I’m not sure if folks have linked this around yet, but yesterday from del.icio.us/popular I noticed literature-map. This presents a not entirely functional nor data rich display of authors related to an entered search term. Why mention it then? Well, the display is pretty neat. The above is a screenshot of a search for ‘steinbeck.’ Authors nearby are allegedly likely to be enjoyed if Steinbeck is enjoyed. Proximity to the search term indicates a stronger correlation, and the entire process is (computer resource intensive and) fluid, reacting to mouse placement. Evidently this tool runs on some artificial intellegence. At any rate is it better than What Should I Read Next which told me to read David Baldacci and Philip K. Dick after I told it I just read The Grapes of Wrath.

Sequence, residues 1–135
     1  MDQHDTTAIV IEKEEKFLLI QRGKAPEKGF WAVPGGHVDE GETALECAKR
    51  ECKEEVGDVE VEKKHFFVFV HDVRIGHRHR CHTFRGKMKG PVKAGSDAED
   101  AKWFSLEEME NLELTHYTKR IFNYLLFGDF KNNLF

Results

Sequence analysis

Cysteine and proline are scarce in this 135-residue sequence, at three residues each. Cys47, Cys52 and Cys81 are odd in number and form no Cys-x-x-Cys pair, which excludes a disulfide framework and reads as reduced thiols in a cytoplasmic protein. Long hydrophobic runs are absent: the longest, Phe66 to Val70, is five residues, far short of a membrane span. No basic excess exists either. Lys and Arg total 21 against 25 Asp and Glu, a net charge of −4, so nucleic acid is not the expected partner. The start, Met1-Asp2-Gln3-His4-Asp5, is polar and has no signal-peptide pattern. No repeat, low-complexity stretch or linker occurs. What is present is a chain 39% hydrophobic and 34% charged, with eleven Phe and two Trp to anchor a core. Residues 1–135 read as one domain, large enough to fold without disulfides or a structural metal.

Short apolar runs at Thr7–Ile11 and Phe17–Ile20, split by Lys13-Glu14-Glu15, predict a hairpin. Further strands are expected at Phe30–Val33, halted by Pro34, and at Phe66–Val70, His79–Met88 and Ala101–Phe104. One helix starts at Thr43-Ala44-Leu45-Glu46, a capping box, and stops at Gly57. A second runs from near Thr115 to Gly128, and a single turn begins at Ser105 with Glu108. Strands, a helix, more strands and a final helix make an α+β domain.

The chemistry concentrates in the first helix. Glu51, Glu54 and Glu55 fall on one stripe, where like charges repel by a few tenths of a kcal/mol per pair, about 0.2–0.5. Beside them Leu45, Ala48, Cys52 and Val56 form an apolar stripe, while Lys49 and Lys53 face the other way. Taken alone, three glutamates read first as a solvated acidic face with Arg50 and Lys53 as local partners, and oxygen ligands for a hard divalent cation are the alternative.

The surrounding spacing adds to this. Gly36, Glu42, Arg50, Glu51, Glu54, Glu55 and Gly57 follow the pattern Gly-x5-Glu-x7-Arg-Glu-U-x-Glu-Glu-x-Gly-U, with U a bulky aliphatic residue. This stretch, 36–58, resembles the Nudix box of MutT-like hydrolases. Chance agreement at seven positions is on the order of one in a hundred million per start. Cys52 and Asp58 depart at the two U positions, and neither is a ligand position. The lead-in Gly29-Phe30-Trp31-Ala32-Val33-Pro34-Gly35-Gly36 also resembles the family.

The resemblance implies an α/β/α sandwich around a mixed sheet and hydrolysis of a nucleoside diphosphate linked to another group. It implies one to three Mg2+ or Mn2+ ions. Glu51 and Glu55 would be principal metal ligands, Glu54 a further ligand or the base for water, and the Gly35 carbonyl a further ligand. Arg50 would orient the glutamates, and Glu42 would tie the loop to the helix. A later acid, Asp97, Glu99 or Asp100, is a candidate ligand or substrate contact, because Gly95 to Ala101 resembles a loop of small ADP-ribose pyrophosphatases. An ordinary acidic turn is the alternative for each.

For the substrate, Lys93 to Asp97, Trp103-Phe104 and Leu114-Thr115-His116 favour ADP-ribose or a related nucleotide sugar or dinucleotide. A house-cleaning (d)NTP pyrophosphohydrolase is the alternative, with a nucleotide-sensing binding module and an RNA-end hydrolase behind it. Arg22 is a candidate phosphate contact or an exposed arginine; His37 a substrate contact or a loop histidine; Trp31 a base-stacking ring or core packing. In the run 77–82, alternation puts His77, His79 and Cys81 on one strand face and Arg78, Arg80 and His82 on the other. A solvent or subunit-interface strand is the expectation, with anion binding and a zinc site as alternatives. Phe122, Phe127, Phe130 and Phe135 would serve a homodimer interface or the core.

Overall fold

This concept mapping reminds me of Aquabrowser, which I played around with at the Arlington PL’s catalog. It is also available at Queens Library NY and Lexington PL and I’m sure elsewhere.
Aquabrowser, in its nice little cluster, gives among other data, ‘spelling variations.’ My search suggested “steinback,” “stainbeck,” “steinbock,” and “stenbeck.” At first I thought these were perhaps misspellings of ‘steinbeck’ but they were rather other authors in their OPAC with similar names. Other data it provides is related items, your history of clicking, and translations of items.
Who is to say if interfaces like this are a fad or if they have lasting value? Not me. However, I think things like this might be a good way to add some dynamic, graphical content to OPACs. I’m all for innovation, don’t get me wrong, but two quick caveats: 1. Clearly there are some usability and accessibility issues with these snazzy displays. 2. I’d rather see OPACs not be broken and work well before bells and whistles get added.
Anywho, give these things a spin and let me know what you think.